weekends, where I’d occasionally get a glimpse of John Sinclair holding forth. He was Detroit’s Top Hippie and
I was a weekend wannabe.  On more than
one occasion I’d work up the nerve to talk to him. Despite the age difference,
and his massive height, he never talked down to me and all these years later I
never forgot that kindness. Sinclair seemed to be everywhere: He helped launch
the The
Fifth Estate
(one of ‘Merka’s oldest alternative/underground newspapers) manager
of the MC5, and head of the White Panther Party.
Skip ahead many years—through many twists and turns that no
one could have predicted at the time. In the new century my nephew became John
Sinclair’s merchandising manager. What a thrill it was to learn that.
That’s merely all background to the real story.

It’s Labor Day weekend, 2006 and I’m excited. I am going to
the Detroit International
Jazz Fest
where I am going to see John Sinclair for the first time in about
40 years. More importantly, my nephew is going to officially introduce us, even
though we met way back when. John is at the Jazz Fest performing with his band
The Blues Messengers.

We get there early because my nephew has lots to do before
the show and I’m directed to a little table in the VIP area to wait. I need to
describe this VIP section so the story makes more sense. There are 8 stages
around the downtown area and each has a VIP section. It’s not backstage; it’s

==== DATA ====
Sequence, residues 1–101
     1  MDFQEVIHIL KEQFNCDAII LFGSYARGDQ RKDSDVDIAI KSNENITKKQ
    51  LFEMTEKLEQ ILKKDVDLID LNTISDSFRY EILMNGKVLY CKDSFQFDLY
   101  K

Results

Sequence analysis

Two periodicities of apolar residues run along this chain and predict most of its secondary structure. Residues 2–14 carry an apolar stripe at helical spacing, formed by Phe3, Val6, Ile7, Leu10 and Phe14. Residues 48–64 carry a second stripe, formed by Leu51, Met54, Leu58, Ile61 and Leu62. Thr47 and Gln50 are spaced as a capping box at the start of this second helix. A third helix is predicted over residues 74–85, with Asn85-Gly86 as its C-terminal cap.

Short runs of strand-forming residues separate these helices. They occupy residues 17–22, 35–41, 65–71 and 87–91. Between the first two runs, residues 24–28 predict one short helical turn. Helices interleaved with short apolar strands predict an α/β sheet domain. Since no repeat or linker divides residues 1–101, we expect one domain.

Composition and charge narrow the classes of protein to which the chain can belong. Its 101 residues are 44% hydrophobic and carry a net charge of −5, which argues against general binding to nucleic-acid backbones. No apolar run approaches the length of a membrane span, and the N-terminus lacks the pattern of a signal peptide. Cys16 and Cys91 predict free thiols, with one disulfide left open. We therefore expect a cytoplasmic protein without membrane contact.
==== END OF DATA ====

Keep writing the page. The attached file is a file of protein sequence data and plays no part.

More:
off to one side or another in front of the stages. It’s for audience, but
special audience. Like me. The regular
audience sits on fold-up chairs or the ground. We get real chairs and small
cabaret tables to sit at. How civilized.
I’m killing time and I see John Sinclair arrive and sit at a
table a few away from me. When my nephew comes back he says, “So, didja
say ‘Hi!’ yet?” I reply, ” No, he’s going to do a show soon and I
don’t want to bother him now.” I said that because I saw someone approach
him only to be told, “I’m going to do a show soon. Don’t bother me now. I need
to concentrate. I’ll gladly talk to you after.”
My nephew doesn’t care about such niceties and drags me over
and makes introductions.
John Sinclair says to me, “I’ve heard so much about you
I feel like I know you. Your nephew talks about you all the time.”
After I come back to earth I say, “John, I just want to
thank you for treating me with respect way back when, instead of the snot-nosed
Hippie weekend-wannabe that I was.”
With that my nephew starts cackling, “I hear people
come up to you all the time and say pretty much the same thing, John. But this
time it’s my uncle.”
It turns out that for all our own reasons, the three of us
are all thrilled at the meeting.
Introductions over, I go back to my table. Eventually Sinclair
performs. We talk a bit after the set and then head off in separate directions,
John to meet up with some musician friends and me to go see a 24-piece Big Band